Cyber Crime Law

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Cybercrime Prevention Act of 2012 (Republic Act No. 10175)

The prefix "cyber" relates to the culture of computers, information technology, the internet, and virtual reality. The term "cybercrime" refers to criminal activities carried out by means of computers or the internet. Just like any other human activity, the internet carries with it new avenues of illegal behavior. The internet makes it easier to commit certain crimes, such as dissemination of pornography, copyright infringement, and defamation. The internet also gives rise to crimes exclusive to the internet, such as computer hacking and misuse. And the internet can make certain crimes complicated, because they could be illegal in some countries, but not in others. Computer misuse was dramatically demonstrated in 2000, when a Filipino hacker attacked and destroyed data in 45 million computers. He created a virus that the media called the "Love Bug," because it used the subject line "I love you" in the emails that carried it. The estimated cost in damages was $10 billion. The Filipino was never punished, because the Philippines at that time had no law criminalizing computer misuse. As economics and business students, you are already aware that cybercrime works to prejudice ecommerce. Companies with online operations are subject to credit card fraud, identity theft, phishing, and intellectual property crimes. Cybercriminals continue to negatively impact ecommerce.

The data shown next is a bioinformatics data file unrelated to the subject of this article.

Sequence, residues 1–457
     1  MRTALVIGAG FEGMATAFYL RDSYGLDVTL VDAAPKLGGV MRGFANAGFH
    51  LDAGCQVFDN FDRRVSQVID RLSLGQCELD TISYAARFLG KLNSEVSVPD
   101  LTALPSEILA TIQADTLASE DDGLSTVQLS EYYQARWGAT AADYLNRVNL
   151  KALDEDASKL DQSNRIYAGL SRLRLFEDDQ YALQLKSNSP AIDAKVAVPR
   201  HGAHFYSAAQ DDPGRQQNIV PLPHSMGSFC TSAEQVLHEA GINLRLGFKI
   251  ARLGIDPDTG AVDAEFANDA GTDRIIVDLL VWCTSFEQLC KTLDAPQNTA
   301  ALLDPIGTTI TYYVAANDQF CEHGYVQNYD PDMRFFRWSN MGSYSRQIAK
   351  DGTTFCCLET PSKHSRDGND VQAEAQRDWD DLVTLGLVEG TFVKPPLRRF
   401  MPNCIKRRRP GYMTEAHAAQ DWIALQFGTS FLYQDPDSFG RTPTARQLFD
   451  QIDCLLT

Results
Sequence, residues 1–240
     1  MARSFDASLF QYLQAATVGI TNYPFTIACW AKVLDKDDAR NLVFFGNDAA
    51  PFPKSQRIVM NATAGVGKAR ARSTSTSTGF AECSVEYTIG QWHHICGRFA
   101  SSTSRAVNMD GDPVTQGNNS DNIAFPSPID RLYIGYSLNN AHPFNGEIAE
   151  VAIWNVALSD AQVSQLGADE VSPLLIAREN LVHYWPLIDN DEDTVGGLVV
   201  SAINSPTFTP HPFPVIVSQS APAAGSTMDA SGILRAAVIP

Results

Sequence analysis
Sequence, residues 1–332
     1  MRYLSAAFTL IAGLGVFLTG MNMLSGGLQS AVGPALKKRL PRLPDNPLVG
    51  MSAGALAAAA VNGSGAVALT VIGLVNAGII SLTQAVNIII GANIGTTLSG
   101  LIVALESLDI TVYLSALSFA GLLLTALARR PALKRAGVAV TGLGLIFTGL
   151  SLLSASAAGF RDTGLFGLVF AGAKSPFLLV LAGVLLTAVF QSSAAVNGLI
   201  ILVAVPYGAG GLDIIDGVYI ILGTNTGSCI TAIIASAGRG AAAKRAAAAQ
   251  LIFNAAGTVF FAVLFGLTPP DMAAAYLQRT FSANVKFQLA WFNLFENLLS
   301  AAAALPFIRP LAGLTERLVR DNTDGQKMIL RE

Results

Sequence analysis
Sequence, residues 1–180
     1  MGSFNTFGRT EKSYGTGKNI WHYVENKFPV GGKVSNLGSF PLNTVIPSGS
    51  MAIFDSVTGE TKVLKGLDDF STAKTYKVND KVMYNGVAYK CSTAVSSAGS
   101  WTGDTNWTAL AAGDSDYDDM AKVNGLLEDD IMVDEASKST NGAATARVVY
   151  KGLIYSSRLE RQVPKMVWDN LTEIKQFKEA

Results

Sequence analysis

The Cybercrime Prevention Act of 2012, officially recorded as Republic Act No. 10175, is a law in the Philippines approved on 12 September 2012. It aims to address legal issues concerning online interactions and the Internet in the Philippines. Among the cybercrime offenses included in the bill are cybersquatting (is registering, trafficking in, or using a domain name with bad faith intent to profit from the goodwill of a trademark belonging to someone else), cybersex (a virtual sex encounter in which two or more persons connected remotely via computer network send each other sexually explicit messages describing a sexual experience. In one form, this fantasy sex is accomplished by the participants describing their actions and responding to their chat partners in a mostly written form designed to stimulate their own sexual feelings and fantasies), child pornography (refers to images or film and, in some cases, writings depicting sexually explicit activities involving a child), identity theft (is a form of stealing someone's identity in which someone pretends to be someone else by assuming that person's identity, typically in order to access resources or obtain credit and other benefits in that person's name), illegal access to data and libel (is the communication of a statement that makes a claim, expressly stated or implied to be factual, that may give an individual, business, product, group, government, religion, or nation a negative or inferior image). The Act also mandates the National Bureau of Investigation and the Philippine National Police to organize a cybercrime unit, staffed by special investigators whose responsibility will be to exclusively handle cases pertaining to violations of the Act, under the supervision of the Department of Justice. The unit is empowered to, among others, collect real-time traffic data from Internet service providers with due cause, require the disclosure of computer data within 72 hours after receipt of a court warrant from a service provider, and conduct searches and seizures of computer data and equipment. It also mandates the establishment of special "cybercrime courts" which will handle cases involving cybercrime offenses. The Act could potentially affect freedom of expression, freedom of speech and data security in the Philippines. It also allows authorities to collect data from personal user accounts on social media and listen in on voice and video applications such as Skype, without a warrant. Users who post defamatory comments on Facebook or Twitter, for...
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